Located on 10 acres of parklike surroundings, Elkhorn Lodge Chama is a relaxing rest stop for dogs and humans alike. During Fido’s morning walk, wander down pathways that wind through giant pines and cottonwood trees, before heading back to your king room with a balcony to survey the area. Dogs receive a "Pet-cation" gift upon arrival. Two pets of any size are welcome for an additional fee of $15 per pet, per stay.

Hanging out at the Hacienda.Photo by Twyla

Stay Close to the Arts Scene

Hotel Santa Fe & Spa is just four blocks from Santa Fe’s historic Canyon Road, where you can check out Canyon Road Contemporary Art and take a picture with the dog statue, or grab a bite to eat on the patio at Cafe Des Artistes. Swing by Railyard Park Conservancy on the way back to the hotel to see sculptures and more sights, before chilling out in 4-star luxury. The hotel has a large pet relief area and waste stations. Two dogs of any size are welcome for an additional fee of $25 per dog, per night.

Gaze Over Ghost Ranch

If Ghost Ranch is on your wishlist during your visit to North Central New Mexico, you won’t find a more convenient vacation rental than Casa Bonita. Overlooking Ghost Ranch and Abiquiu Lake and offering views in all directions, this beautiful modern abode blends into its surroundings. Keep your pooch leashed while at the house and while hiking nearby, as there are other homes in the vicinity and the property is not fenced. Two dogs of any size are welcome for an additional fee of $25.

“Bear with me.”Photo by @innoftheturquoisebear

Rise and Shine at an Adobe B & B

Drift off for the night in picturesque surroundings at Santa Fe’s rambling historic estate, Inn of the Turquoise Bear. Constructed in Spanish-Pueblo Revival style, some rooms date back to the early 1800s. As the sun starts to set, feel free to stroll quietly through the exquisite gardens with your leashed pooch and enjoy over an acre of land with pet stations throughout. Four-legged guests receive treats and bowls at check-in. Inn of the Turquoise Bear welcomes pets of any size for an additional fee of $25 per night.

Stay on the Slopes

Alpine Village Suites provides a pet-friendly room with an enviable view. Admire the lofty sights from the rooftop terrace and plan your adventures on the trails below. After a day of catching snowballs in his mouth and diving into snow piles, Fido will be ready to curl up in a cozy room. Dogs who desire a little more privacy may prefer a night in the four-bedroom chalet. Alpine Village Suites allows dogs of any size for an additional fee of $20 per pet, per night.

Downsize in the Desert

Located at the base of the Sangre de Cristo Mountains near Taos, size really doesn’t matter at this gorgeous tiny home. Seek out the best location for a view of the mountains or the darkest spot for a nighttime stargazing “pawty.” The home may be tiny, but it is mighty and comes equipped with mod-cons like Wi-Fi and a fully equipped kitchen. The pet fee is $20 per night for the first pet or $25 a night for two or more pets.

Dog-Friendly Restaurants

“I would like to meet meat, please.” Photo by

Try to avoid Fido’s stare while you sink your teeth into a barbecued treat, chow down together at a specialist New Mexican eatery, and try fine wine from an award-winning winery in this region full of culinary surprises.

Savor Some ‘Cue With Your Canine

No customer is bucked off the pet-friendly patio at Cowgirl BBQ in Santa Fe. Meat lovers can soak in the smoky aromas wafting through the air and devour Tex-Mex classics, mesquite-smoked steaks and more. The patio is often full of canine patrons hoping to snag a piece of falling meat from a plate, or you can ask the kitchen to cook your dog up a plate of scrambled eggs.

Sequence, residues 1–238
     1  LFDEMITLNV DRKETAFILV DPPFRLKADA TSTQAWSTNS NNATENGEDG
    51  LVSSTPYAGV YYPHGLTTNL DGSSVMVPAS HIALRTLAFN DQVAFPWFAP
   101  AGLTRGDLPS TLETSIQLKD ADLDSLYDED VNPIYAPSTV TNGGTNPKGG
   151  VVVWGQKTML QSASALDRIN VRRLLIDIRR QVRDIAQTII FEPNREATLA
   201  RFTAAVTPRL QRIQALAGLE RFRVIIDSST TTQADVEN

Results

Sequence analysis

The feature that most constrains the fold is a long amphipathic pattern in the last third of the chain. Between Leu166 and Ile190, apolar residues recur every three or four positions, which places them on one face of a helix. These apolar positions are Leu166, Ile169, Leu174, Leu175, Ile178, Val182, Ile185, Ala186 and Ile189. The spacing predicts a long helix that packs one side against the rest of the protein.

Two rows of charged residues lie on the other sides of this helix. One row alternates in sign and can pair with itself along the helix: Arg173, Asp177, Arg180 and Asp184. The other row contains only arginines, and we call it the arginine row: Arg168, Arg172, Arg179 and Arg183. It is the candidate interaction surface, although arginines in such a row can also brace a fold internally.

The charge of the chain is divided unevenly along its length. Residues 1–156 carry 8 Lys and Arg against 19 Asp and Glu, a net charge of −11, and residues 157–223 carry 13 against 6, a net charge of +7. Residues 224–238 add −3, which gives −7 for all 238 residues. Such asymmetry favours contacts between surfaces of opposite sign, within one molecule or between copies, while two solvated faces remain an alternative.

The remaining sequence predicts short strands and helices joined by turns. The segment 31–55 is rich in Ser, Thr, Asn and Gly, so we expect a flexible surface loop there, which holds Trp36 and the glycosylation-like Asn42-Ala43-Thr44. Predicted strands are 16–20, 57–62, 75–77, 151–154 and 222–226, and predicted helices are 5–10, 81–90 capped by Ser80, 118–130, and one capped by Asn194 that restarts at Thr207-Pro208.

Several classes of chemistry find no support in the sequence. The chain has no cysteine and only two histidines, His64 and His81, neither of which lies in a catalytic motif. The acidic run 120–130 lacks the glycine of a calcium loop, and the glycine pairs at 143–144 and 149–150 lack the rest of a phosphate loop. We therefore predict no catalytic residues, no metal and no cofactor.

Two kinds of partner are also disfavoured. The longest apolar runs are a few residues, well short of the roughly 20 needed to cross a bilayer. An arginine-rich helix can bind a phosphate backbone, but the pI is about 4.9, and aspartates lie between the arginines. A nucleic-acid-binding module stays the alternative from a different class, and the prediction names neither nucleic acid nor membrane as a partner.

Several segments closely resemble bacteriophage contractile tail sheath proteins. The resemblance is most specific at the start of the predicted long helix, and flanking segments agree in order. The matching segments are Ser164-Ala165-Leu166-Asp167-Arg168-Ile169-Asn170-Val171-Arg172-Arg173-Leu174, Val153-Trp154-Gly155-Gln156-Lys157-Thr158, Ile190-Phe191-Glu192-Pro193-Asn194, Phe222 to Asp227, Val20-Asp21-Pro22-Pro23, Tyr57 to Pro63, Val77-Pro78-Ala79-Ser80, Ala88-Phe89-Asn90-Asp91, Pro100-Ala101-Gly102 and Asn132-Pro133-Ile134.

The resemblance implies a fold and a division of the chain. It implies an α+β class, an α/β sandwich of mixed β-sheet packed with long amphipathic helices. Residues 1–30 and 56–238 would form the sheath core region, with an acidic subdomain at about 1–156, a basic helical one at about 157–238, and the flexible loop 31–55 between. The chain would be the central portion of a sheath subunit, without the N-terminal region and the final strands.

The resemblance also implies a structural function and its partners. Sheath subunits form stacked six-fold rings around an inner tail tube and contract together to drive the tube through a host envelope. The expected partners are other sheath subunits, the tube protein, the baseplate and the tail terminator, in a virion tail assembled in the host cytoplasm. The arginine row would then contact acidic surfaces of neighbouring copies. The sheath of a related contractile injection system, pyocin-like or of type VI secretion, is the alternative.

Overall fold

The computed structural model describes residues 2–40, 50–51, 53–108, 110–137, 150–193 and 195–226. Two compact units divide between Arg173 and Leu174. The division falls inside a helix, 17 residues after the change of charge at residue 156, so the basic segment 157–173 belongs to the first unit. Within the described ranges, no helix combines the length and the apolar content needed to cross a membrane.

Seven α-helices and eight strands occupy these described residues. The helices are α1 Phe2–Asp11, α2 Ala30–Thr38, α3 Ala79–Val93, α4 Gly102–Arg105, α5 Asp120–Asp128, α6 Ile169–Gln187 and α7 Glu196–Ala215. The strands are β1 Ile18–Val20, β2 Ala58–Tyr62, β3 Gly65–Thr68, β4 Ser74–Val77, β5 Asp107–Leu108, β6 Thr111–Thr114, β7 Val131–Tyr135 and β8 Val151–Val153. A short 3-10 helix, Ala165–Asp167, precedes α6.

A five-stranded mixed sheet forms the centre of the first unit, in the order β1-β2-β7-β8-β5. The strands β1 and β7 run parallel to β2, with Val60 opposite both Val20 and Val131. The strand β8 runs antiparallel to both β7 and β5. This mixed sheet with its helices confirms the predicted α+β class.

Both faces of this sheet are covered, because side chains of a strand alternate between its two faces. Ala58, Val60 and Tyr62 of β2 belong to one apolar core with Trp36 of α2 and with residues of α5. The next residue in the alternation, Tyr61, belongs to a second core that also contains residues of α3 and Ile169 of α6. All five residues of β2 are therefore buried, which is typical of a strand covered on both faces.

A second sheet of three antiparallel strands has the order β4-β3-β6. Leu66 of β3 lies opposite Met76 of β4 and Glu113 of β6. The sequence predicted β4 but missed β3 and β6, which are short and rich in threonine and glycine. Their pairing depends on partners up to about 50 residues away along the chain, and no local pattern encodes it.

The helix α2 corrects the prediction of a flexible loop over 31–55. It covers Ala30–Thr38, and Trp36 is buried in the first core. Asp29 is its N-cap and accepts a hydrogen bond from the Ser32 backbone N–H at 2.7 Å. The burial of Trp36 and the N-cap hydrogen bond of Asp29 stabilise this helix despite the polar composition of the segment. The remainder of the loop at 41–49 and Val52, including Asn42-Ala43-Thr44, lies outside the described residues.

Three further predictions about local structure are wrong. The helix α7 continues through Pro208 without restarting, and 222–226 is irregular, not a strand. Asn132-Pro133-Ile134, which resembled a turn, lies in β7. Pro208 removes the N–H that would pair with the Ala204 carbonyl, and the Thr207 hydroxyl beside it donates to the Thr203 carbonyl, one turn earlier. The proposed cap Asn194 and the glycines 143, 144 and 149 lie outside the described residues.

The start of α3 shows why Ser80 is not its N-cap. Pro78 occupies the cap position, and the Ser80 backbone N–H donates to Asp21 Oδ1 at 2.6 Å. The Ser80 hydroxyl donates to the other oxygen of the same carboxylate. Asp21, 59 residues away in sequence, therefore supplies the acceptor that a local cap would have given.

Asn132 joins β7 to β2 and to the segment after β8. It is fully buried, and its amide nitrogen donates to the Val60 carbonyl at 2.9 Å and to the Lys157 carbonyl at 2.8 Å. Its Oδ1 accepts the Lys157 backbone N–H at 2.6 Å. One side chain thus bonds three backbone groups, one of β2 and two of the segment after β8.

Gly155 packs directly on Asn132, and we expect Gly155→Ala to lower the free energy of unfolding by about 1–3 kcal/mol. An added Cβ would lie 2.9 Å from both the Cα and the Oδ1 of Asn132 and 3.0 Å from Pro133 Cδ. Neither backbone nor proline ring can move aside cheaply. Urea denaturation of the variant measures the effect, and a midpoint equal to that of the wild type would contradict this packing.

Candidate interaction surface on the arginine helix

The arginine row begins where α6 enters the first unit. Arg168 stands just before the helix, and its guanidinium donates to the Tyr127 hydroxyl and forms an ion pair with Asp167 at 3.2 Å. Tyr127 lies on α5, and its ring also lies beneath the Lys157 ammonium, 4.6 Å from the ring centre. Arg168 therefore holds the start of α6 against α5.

Break for Coffee Near the Border

Located in the Rocky Mountains near the Colorado-New Mexico border, Rio Chama Espresso offers a sunny patio space where you can relax with a brew and a homemade pastry or sandwich while your pooch sunbathes beside you.

“I’m just a pooch perching on the porch.”Photo by Barbara

Come for the Food, Stay for the Art

Cafe Abiquiu offers delicious treats in a restaurant adorned with the work of local artists. Their house-made fare incorporates the essence of Northern New Mexico cuisine for lunch and dinner. Build your own omelet and then perch on the pretty patio under the shade of a tree, or hang out on the covered porch with your pooch.

“Wine” Down With Your Dog

Drop by the dog-friendly patio at Noisy Water Winery’s Santa Fe tasting room to sample wines from the highest-awarded winery in New Mexico. Wine is available by the glass or you can purchase a bottle to go. They also offer gourmet cheese pairings and olive oil and balsamic tastings.

“If we pretend not to notice, he might give us a bite!”Photo by Lisa

Enjoy Unique Brews With a View

To many people, making good beer is an art form, so where better to get creative with beer than in O’Keefe Country? Enjoy stunning views and colorful brews at Red River Brewing Company. If you need something to soak up the beer, try their French Toast Grilled Cheese Sandwich. Dogs are provided water upon arrival.

Chow Down at a Historic Hangout

Home to the historic Engine House Theatre located in a train engine repair shed from the 1900s, The Mine Shaft Tavern has been the go-to Madrid hangout since 1895. When the original tavern burned down in 1944, it only took three years to rebuild. Nowadays, locals and tourists alike gather here for beers, good times and elevated pub fare on the pet-friendly patio.

Pretty in “The Pink”

Affectionately known as “The Pink,” The Pink Adobe has been pleasing the palate of diners since 1944. Located in the Barrio de Analco Historic District, you can’t miss this bright pink landmark that was originally constructed more than 300 years ago. When hunger strikes, sample New Mexican cuisine in traditional New Mexican surroundings.

Have you and Fido visited North Central New Mexico? Leave a comment or tweet us @BringFido!